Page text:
A remarkably simple and innovative exercise has been launched in the US in order to cope with the overload of patent applications. Given the growing emphasis on knowledge creation and knowledge ownership as key underpinnings of the global economy, the world is moving towards sequestering knowledge rather than sharing it. The expected outcome of this trend is a spurt in patent applications in all the major patent offices of the world. India too registers a sharp increase over an admittedly small base. An overload of patent applications leads to delays and inadequate scrutiny of the application, leading to incorrect patent grants and subsequent litigation.
The US Patent and Trademark Office (USPTO) has started a novel experiment at the initiative of Beth Noveck of the New York Law School to tackle problems of overload. The project called ‘Peer to Patent’ seeks to open up the patent examination process to the public. It has begun a pilot project to post patent applications on a designated website and invite public comments on the merits of the patent.
The crux of patent examination is to search for ‘prior art’. This means to examine whether the claims made in the application have already been patented before or whether they are known in the public domain. By involving hundreds of reviewers and tapping their knowledge and expertise, the examination for prior art becomes much faster and more comprehensive. The hope is that an expanded screening exercise of this kind, will lead to fewer patents that are granted incorrectly and reduced litigation over patent grants.
For the US, an obvious case where a ‘Peer to Patent’ approach would have been useful, is the case of the turmeric patent. The grant of the patent on turmeric derived properties by the USPTO, became the subject of litigation between India and the US. The Haldi Patent
was successfully challenged by the Indian government but at some cost to the public exchequer. Perhaps if this patent application had been subjected to scrutiny on a public review website like Peer to Patent, an opposition would have surfaced during the patent review process and the patent would never have been granted. This would have certainly saved India a lot of money.
Indian patent offices would do well to emulate the US initiative. They are more overstretched than most patent offices partly because India has had a history of knowledge creation in the public domain so patenting is new business. The ‘patent everything in sight’ culture is only beginning now. Our patent offices are notoriously short of trained manpower to deal with the sudden increase in applications arising out of new legislation like the amended Patent Act and the Act on Geographical Indications.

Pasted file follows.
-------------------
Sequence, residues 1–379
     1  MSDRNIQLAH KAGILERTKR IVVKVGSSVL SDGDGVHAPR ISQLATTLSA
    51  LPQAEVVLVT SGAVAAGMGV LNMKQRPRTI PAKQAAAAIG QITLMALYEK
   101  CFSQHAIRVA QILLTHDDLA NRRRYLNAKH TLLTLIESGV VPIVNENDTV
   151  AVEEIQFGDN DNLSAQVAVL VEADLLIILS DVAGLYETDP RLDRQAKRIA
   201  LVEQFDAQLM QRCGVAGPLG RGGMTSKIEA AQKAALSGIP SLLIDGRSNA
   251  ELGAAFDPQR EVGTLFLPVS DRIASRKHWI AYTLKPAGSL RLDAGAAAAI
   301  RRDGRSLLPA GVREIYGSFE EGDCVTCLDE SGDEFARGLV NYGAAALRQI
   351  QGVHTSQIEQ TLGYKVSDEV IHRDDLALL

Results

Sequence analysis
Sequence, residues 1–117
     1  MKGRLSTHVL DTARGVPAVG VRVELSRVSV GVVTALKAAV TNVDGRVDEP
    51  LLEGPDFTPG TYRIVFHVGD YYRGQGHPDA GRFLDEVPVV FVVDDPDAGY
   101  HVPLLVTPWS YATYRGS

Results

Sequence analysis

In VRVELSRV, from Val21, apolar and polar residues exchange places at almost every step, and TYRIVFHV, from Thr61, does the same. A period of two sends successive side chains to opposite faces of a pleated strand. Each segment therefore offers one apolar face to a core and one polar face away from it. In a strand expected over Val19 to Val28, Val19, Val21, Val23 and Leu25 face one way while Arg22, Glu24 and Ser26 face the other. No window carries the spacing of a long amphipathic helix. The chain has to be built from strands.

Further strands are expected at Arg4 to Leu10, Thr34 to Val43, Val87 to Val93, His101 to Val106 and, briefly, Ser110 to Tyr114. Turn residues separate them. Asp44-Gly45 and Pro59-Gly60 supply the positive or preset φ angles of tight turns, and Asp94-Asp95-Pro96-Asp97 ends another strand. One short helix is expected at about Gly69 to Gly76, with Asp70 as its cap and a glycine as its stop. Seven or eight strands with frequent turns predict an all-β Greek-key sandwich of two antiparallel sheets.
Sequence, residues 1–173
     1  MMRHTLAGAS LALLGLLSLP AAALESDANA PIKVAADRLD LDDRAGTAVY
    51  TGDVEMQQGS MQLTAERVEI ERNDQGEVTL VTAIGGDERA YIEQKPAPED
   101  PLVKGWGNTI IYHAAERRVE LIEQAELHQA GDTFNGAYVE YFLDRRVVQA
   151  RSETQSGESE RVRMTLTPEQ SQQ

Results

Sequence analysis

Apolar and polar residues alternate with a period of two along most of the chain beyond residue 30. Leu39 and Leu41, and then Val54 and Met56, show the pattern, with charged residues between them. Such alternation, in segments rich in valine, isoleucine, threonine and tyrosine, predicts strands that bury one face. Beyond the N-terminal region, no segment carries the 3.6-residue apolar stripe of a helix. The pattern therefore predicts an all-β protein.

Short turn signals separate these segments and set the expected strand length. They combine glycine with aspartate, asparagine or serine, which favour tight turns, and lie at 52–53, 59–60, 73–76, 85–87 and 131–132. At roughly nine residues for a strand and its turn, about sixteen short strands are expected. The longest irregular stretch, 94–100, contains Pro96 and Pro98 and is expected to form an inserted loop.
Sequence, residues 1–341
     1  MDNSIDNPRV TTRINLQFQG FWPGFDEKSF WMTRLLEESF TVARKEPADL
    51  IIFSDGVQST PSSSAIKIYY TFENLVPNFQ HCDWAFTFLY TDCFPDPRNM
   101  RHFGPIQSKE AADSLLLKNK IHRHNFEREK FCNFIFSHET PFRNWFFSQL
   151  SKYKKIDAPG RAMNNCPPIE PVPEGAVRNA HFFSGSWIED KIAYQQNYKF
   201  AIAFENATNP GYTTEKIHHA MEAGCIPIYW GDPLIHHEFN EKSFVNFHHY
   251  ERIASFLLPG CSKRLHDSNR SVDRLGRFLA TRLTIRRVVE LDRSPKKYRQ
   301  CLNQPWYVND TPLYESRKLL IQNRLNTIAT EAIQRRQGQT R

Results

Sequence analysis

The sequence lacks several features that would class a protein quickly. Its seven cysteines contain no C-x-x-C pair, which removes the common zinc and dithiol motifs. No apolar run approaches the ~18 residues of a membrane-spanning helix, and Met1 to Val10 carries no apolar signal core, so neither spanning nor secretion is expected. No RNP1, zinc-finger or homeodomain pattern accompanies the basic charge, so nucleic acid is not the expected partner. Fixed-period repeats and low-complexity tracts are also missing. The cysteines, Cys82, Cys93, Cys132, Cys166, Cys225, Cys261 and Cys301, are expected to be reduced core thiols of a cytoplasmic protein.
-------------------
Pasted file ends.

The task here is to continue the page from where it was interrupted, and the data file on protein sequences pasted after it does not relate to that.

Regardless of the merits of the patent-at-all-costs approach that is being promoted in Indian research institutions, we need to be equipped to deal with the surge in patent applications. Instead of the expensive and time consuming process of routing applications through patent examiners, a first round evaluation through the public review process will identify the cases that do not qualify on grounds of novelty, distinctness and utility. These are the essential benchmarks of patentability. After this filtering, only those patent-worthy applications need go up for critical examinations.
The public review process is welcome from another perspective. It introduces an open source approach as a contrast to secret government procedures, secrecy being the hallmark of the Indian government’s performance in all sectors. Opening up the patent sector will also help to demystify the still new patent culture in this country and get more people involved in discussing its merits or otherwise. It will also help to introduce greater vigilance with respect to old problems like biopiracy and the misappropriation of indigenous knowledge. One impediment could come up though. For this process to succeed, the patent applicants must be willing to go along with the process.
So far, in the US it is only software and hardware applicants that are willing partners in this novel exercise. It remains to be seen whether the biotechnology patent applicants, largely the Life Science corporations are as enthusiastic. These corporations have been notoriously reluctant to share any information, even with government agencies, unless absolutely necessary. India should quickly begin discussions to set up a similar system in the patent offices here. Any fears that the public scrutiny can lead to frivolous interference should be dealt by vetting the registered users and ensuring that oppositions to the proposed patent claims are accompanied by well researched and properly backed up evidence. Since the patent application is put on a publicly accessed website, there should be no fear of misuse by competing interests since such would be quickly detected by the same examination process.